What I learned about making friends

After dedicating the past several months to trying to make friends, I feel like I’ve pretty much reached the end. I tried a lot of new things, went on a lot of friend-dates, and met some interesting people. But I didn’t become friends with any of them.

I’m not saying I’m done trying now, but I’ve exhausted every resource I could think of, and I’m exhausted. I pushed myself way beyond my comfort zone of social commitments, sometimes going to more than one social engagement every day for a week. It was unsuccessful, and now that we are well into 2017, the New Year effect is dwindling and there are a lot fewer people who are also looking for new friends.

So I didn’t make any friends, and I didn’t really learn how to make friends either, but I did come to a few realizations about why making friends is so hard:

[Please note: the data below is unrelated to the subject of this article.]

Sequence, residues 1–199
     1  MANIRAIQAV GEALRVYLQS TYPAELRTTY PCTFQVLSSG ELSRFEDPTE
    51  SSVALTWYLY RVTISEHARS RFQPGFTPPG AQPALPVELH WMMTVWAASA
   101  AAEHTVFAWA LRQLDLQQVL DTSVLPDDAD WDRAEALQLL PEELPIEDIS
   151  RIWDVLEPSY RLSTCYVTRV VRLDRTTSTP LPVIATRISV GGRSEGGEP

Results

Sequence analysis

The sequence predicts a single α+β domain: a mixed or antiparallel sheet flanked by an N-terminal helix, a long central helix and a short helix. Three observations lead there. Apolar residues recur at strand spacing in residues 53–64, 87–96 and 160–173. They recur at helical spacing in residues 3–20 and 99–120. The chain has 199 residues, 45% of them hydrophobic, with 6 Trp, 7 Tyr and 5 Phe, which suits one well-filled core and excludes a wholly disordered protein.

1.  Making friends outside of an academic environment is much harder than I realized.

I’ve been in academic environments my whole life, up until a few years ago. From going to an academically rigorous high school, to college, to working in a scientific field, to grad school, I was always surrounded by people with intellectual interests and a deep knowledge base. Even if they didn’t always have an abiding personal interest in those topics, it still provided an intellectual basis for conversation and a common experience on which to build friendship.

The academic environment is where I feel most comfortable, so being in those places was a big advantage for me socially. Now that I’m completely out of that world, I have a huge social handicap. I realized that I have no idea how to actually talk to people in the real world, or how to relate to people who are not interested in academic topics.